May 15

How to Get Kids (And Yourself) Ready for Re-Opening

by Meghan Fitzgerald

In so many ways, re-opening is what kids have been waiting for. I’ve lost count of the times my kids ask, “When this is all over, can we…?” They miss friends, relatives, special places and activities, and we all look forward to an end to the uncertainty, isolation and fear. The kicker is, we’ll face a whole lot more uncertainty and some new fears as we transition back to “normal” life. 

Though draconian at times, social distancing is clear, easy and designed to deliver on keeping us safe. It’s easy to keep kids from harm when you don’t leave your cocoon. And, it’s pretty easy to explain how staying away from all germs is safer. Many of us have even talked with kids about how we too are helpers when we stay home. 

We’re heading back into a world that social distancing has made seem pretty scary. We also need to be prepared to fear for our kids. To support kids as we leave our safe cocoons, we’ll need to re-frame our messaging. And, there are steps we can take to get our kids—and ourselves—ready for reopening.

Ease kids in like goldfish

When I was 5, my parents got us pet fish. I couldn’t wait to see them swim, but rather than dump the fish right into the tank, my dad kept the fish in their small bag within the tank for several hours. He explained that this helped them get acclimated to the big tank. Just like with those fish, we can gradually release our kiddos back to the world by opening up their cocoon slowly and feeding them incremental chances to experience the world again. Here are few simple ways to do that:

  • Practice social distance at home—Use a measuring tape or have the tallest adult in your house lie down on the floor. Mark their head and foot with tape—and voila! You’ve got an example of six feet that kids can really experience. Sit on either end of that tape opposite your child and learn to enjoy things you might do on a visit with family or friends. My family has sung songs, played charades and had rockin’ dance parties six feet apart—all to prepare ourselves for what it looks, feels and sounds like to play at a distance.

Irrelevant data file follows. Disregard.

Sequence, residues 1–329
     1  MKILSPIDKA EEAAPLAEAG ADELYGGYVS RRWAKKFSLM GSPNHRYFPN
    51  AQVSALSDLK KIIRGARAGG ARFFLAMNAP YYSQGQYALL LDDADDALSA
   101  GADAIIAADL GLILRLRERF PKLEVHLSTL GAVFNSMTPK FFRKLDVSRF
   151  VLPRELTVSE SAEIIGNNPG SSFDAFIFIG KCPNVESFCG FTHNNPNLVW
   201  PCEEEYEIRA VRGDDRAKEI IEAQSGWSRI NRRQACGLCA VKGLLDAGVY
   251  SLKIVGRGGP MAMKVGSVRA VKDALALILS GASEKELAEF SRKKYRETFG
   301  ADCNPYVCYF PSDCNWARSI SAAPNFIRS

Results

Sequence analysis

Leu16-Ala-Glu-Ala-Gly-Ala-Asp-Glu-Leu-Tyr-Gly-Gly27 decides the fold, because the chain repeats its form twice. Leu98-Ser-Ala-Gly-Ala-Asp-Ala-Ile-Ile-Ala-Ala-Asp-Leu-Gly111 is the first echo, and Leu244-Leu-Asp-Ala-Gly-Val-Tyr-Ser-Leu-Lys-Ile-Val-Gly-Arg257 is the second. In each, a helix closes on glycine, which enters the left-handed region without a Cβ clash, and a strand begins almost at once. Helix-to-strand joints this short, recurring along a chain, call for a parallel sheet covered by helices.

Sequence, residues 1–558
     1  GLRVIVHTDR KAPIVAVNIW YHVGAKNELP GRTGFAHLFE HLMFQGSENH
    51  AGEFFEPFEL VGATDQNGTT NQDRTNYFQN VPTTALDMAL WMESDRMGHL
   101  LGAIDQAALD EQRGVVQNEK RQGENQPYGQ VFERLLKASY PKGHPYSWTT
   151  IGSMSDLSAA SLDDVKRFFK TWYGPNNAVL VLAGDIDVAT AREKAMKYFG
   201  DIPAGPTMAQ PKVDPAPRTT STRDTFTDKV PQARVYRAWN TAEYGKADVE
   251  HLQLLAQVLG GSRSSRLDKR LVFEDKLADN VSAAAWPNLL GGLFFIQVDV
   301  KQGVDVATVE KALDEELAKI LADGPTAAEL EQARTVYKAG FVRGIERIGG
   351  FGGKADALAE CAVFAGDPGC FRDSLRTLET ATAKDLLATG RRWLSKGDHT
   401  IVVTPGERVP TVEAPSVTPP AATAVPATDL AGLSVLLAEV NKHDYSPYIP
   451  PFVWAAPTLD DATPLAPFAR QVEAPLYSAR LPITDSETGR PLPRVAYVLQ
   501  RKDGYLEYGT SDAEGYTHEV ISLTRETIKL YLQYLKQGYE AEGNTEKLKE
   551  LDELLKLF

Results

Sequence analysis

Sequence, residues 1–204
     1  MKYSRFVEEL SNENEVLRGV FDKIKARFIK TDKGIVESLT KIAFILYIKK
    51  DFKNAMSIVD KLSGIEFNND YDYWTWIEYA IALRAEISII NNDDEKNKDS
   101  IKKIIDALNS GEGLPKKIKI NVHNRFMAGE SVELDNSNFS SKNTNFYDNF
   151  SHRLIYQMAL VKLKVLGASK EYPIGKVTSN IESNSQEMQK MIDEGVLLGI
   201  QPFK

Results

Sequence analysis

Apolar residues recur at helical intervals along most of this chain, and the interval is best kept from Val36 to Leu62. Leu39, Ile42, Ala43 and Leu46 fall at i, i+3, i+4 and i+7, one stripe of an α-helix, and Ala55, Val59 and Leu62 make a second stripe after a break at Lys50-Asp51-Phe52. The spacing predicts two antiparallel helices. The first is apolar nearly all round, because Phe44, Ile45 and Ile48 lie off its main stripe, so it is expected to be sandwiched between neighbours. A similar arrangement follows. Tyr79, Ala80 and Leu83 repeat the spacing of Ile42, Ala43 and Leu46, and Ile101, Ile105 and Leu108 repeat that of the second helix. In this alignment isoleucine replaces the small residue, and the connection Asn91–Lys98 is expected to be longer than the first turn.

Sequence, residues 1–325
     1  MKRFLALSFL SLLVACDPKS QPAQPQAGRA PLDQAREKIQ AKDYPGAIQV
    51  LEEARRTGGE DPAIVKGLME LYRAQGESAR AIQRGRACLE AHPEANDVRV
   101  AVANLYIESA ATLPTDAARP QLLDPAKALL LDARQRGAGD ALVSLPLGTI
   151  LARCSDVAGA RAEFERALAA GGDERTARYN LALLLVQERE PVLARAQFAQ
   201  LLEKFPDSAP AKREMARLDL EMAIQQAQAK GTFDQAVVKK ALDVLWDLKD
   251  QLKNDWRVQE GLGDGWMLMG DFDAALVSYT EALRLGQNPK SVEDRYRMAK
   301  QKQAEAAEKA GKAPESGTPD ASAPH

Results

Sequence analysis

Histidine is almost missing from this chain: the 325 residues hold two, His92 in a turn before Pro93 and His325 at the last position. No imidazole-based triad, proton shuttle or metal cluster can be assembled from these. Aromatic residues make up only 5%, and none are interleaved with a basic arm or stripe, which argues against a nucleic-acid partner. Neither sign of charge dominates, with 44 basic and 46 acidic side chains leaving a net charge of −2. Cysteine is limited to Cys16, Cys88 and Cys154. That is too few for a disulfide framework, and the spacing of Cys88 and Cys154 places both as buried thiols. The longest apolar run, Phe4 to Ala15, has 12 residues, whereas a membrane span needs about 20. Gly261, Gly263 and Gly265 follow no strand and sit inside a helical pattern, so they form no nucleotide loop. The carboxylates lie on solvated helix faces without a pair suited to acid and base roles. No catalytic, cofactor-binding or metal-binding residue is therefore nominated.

• Practice out and about—Without adding in other  people, take the family to a new setting like a park, trail or even just a different corner of the neighborhood. Give kids the chance to check out what it feels like to play together while keeping “six feet apart.” See how your child does, and gently remind them when they get too close. 
  • Meet outdoors—When you do meet up with close family and friends, do it outside. The virus is less likely to transmit outdoors, so not only are we and our kids safer if we schedule get-togethers in fresh air, we will also be less worried, and our kids will have less of our worry to worry about. Plus, time outside brings all of the wonder and wellness that only nature can provide.
  • Short playdates—Start with short visits with relatives and friends to practice your social distancing. It can be pretty confusing to see grandparents or good buddies and not be able to embrace or even get close to them, so keeping it to 15 to 20 minutes and building from there can help. If kids struggle, that is to be expected, and it’s super likely that they’ll just need more practice to get used to it. We can keep at it, and lengthen the visits as we and our kids become more comfortable with it all.